My Theatre

10 October 2014

Puppets Walk Among Us

By // Theatre (Toronto)

unnamed 2Artichoke Hearts’ We Walk Among You, the puppet show at the tarragon extraspace, is one of the most emotive, and beautifully executed theatre pieces I’ve ever seen.  From the world they create, the creatures they bring to live, and the complex story they tell,We Walk Among You is a beautiful, funny and sad story not to be missed.

We Walk Among You presents a chilling, painfully beautiful tale of a scientist trying to bring his son back to life. While the story does not focus on the scientist character alone, his Frankenstein-esq narrative is the launching point for a stream of clown-like scenes, which all work to paint this complex world. As he struggles to give life to his son, he feeds his insane, incarcerated wife; plays ball with his weirdly-loveable, dog-like igor companion; creates adorable, desire-driven experiments; ignores the sexual passes from his hilariously busty, red-lipped lab assistant; and even, at a crucial moment, catches a skeletal butterfly. We visit each of these characters in turn, and each are given unique life, movement and articulation by the talented puppeteers. As the scientist’s dreams are realized and dashed throughout the story, we are left to reflect on the struggle of personal loss in a strange world where the industrial and the natural are thrust together.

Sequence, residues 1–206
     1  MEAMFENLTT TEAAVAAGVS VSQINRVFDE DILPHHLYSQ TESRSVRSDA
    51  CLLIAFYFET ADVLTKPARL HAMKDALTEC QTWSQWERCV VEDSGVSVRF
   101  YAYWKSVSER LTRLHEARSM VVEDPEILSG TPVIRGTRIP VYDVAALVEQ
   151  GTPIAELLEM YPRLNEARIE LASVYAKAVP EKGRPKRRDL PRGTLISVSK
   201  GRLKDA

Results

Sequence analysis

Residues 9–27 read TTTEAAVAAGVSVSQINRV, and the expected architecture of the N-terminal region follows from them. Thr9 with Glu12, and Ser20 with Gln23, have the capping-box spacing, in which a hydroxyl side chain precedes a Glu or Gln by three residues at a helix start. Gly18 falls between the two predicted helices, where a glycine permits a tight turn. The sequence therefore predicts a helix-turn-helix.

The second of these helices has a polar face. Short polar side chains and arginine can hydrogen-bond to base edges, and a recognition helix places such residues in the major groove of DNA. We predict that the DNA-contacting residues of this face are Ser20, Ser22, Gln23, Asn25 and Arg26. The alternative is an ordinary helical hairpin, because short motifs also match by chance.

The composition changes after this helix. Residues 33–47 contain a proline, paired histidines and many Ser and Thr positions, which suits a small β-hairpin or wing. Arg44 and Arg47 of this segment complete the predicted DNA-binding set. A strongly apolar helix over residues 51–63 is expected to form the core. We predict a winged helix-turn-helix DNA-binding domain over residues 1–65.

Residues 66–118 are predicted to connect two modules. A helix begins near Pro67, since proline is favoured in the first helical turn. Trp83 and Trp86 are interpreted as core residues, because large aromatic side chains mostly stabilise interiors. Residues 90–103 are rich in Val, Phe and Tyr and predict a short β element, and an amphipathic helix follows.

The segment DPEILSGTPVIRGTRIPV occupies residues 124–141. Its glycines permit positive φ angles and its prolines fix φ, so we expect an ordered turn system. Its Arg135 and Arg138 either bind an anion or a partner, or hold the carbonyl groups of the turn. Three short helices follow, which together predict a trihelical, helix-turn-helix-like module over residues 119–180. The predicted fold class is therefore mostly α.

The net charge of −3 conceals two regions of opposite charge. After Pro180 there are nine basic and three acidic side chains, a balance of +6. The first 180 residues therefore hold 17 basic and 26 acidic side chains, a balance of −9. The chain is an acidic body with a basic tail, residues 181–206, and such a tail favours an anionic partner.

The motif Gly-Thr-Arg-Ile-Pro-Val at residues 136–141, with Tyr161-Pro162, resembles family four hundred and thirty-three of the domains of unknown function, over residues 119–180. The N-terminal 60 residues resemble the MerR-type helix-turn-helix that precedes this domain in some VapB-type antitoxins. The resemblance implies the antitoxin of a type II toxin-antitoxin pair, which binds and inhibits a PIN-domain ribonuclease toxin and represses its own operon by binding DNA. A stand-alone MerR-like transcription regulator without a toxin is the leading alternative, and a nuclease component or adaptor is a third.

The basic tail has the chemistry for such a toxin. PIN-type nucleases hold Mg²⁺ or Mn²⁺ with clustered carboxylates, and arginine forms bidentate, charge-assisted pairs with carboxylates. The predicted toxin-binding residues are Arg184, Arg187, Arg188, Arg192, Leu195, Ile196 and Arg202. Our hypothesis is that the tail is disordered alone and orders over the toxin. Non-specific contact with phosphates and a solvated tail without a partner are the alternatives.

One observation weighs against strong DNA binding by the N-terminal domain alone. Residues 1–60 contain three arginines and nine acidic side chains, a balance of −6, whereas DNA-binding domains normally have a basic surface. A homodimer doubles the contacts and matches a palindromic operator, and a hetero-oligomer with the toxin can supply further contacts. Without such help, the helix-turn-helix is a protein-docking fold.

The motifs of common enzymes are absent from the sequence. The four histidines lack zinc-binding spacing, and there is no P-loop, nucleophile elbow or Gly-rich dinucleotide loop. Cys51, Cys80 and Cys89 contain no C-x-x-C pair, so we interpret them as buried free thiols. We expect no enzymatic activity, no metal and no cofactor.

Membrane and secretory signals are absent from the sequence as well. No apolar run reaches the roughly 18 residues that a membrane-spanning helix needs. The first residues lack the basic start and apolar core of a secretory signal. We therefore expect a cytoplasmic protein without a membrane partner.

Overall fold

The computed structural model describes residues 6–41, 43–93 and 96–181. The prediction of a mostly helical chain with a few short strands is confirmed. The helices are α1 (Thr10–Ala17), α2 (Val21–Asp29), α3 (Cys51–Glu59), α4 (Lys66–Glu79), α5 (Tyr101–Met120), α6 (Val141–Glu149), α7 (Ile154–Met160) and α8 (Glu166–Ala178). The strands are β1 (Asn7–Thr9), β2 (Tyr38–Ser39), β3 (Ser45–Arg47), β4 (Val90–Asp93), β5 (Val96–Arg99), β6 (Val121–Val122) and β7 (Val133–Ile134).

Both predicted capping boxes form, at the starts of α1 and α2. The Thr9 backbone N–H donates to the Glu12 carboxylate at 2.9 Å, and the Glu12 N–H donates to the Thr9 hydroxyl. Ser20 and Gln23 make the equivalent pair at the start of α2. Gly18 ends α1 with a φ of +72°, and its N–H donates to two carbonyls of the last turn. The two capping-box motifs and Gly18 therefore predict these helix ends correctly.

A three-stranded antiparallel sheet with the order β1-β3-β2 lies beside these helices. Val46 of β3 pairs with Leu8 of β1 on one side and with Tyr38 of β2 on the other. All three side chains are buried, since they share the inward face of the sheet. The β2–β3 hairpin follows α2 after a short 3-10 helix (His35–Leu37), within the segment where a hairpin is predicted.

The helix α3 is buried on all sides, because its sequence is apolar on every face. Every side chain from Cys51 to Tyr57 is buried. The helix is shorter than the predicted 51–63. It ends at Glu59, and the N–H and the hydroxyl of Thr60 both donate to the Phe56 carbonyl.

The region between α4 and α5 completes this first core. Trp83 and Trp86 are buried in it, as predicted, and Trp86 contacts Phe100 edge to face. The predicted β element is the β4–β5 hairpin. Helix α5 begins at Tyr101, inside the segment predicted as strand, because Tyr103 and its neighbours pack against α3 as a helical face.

The puppets themselves were simple, creative, and cartoonishly beautiful. Made by the company members themselves, these were a hodge-podge of the skeletal, the industrial, and the natural. My favourite, the igor-companion character, was operated by two people and moved through the spaces with the earnest energy and intensity of a russell terrier. It was made up of dirty sack, a chain-tail, metal cylinder head. The mother/wife, with a claw hand and umbrella body, included the mouth of one puppeteer in order to complete the image of a screaming, crying, laughing maniac. An audience favourite was definitely the cute, jealous, clown-like creatures made up of stuffed plastic bags with eyes. The creativity, imagination, versatility and simplicity of these puppets and others evoked audible gasps, moans, and laughs from the audience as Artichoke Heart brought these fantastical creatures to life.

A show completely without normative language, all sound effects—from grunts and cackles to whistles and ticks, were operated by the cast. This enhanced the feeling of otherworldliness which We Walk Among You evoked. And yet, the story was completely recognizable. All the characters were relatable—we loved them all, which made it even harder when they did horrific things. This is a show to make your heart burst—as scary as it is beautiful, its hard to describe the emotional strength of the at times tragically dark, at times lightly comedic, but ultimately stunning show. In the final moments of the show, as two unlikely heros leave the stage, they walk amoung us, asking us to reflect on the many similarities between this world—one of mourning mothers, avaricious clowns, broken fathers, and butterflies— and our own.

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